Emergency Release of MariaDB 10.5.8, 10.4.17, 10.3.27, and 10.2.36 is now available

The MariaDB Foundation is pleased to announce the availability of MariaDB 10.5.8, MariaDB 10.4.17, MariaDB 10.3.27, and MariaDB 10.2.36, the latest stable releases in their respective series.

Why do we release MariaDB again only a week after the 10.5.7, 10.4.16, etc? What’s the emergency?

The previous, scheduled, set of releases (10.2 and up) included a security related change — MariaDB server became more strict about accepting network packets from the client. It never was particularly trusting, but still there was a loophole in the handling of prepared statements where the server just assumed that the client sends the correct data. …

Authentication in MariaDB 10.4 — Understanding the Changes

MariaDB Server 10.4 came with a whole lot of Security related changes. Some of them are merely optimizations (like MDEV-15649), some improve existing features to be more robust (MDEV-15473, MDEV-7598) or convenient (MDEV-12835, MDEV-16266). Some are MySQL compatibility features, requested by our users (MDEV-7597, MDEV-13095).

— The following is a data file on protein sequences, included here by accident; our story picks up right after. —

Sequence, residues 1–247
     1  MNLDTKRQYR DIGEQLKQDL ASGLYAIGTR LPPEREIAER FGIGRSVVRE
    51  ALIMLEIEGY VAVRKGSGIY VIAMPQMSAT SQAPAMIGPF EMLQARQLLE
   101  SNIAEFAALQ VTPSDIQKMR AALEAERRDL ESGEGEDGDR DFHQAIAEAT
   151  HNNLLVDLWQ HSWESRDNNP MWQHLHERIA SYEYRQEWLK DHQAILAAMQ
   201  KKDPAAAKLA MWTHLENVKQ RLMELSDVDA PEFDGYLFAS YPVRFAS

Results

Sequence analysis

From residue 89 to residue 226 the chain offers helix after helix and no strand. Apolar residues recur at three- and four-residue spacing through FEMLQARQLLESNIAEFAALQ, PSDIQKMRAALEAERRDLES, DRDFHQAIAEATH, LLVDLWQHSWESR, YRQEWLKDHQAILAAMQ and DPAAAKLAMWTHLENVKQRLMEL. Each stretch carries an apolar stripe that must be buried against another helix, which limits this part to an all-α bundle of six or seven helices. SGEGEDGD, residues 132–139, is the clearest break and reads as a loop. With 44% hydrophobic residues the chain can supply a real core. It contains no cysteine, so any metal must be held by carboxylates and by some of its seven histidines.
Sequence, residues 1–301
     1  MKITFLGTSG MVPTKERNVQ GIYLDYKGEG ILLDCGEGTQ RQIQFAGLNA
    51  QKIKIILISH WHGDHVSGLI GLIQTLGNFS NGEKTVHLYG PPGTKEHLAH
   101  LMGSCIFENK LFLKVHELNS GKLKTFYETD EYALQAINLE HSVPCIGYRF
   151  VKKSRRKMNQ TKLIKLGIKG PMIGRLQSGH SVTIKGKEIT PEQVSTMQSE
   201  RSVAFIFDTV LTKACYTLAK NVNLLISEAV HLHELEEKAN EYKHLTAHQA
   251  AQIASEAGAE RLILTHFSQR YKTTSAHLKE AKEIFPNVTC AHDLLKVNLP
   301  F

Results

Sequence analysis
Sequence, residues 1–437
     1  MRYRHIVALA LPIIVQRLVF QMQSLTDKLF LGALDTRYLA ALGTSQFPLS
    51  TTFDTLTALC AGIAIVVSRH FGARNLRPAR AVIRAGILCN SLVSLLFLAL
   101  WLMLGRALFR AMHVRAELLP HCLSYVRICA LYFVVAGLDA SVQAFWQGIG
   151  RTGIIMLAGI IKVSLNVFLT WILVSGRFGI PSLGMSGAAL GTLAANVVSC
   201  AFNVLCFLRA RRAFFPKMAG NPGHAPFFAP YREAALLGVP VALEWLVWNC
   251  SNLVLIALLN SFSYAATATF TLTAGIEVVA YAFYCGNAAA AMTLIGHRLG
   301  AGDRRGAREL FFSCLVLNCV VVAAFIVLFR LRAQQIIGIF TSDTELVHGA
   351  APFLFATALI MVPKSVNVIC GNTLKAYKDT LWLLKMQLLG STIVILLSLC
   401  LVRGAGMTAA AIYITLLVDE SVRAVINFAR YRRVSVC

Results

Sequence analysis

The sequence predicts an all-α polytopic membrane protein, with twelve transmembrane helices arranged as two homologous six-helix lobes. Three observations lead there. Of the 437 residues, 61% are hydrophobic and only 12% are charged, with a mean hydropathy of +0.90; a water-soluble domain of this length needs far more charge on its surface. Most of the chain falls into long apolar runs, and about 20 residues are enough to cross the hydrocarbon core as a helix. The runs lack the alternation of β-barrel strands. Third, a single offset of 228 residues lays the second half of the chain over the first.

But the first thing any MariaDB Server user, whether an experienced veteran or a newbie, does — before even issuing the first SQL statement — is logging in. Authenticating to the database server. …

Duel: gdb vs. linked lists, trees, and hash tables

My first encounter with the gdb command duel was on some old IRIX about 15 years ago. I immediately loved how convenient it was for displaying various data structures during MySQL debugging, and I wished Linux had something similar. Later I found out that Duel was not something IRIX specific, but a public domain patch for gdb 4.6 written in ’93 by Michael Golan. Unfortunately, it never got into gdb (for licensing reasons, so I’ve heard). Now the gdb 8 is out, and the patch, obviously doesn’t apply. Instead of fixing the patch, I’ve re-implemented Duel in Python, using gdb Python API and the Arpeggio parser. …

Making life prettier with gdb PrettyPrinting API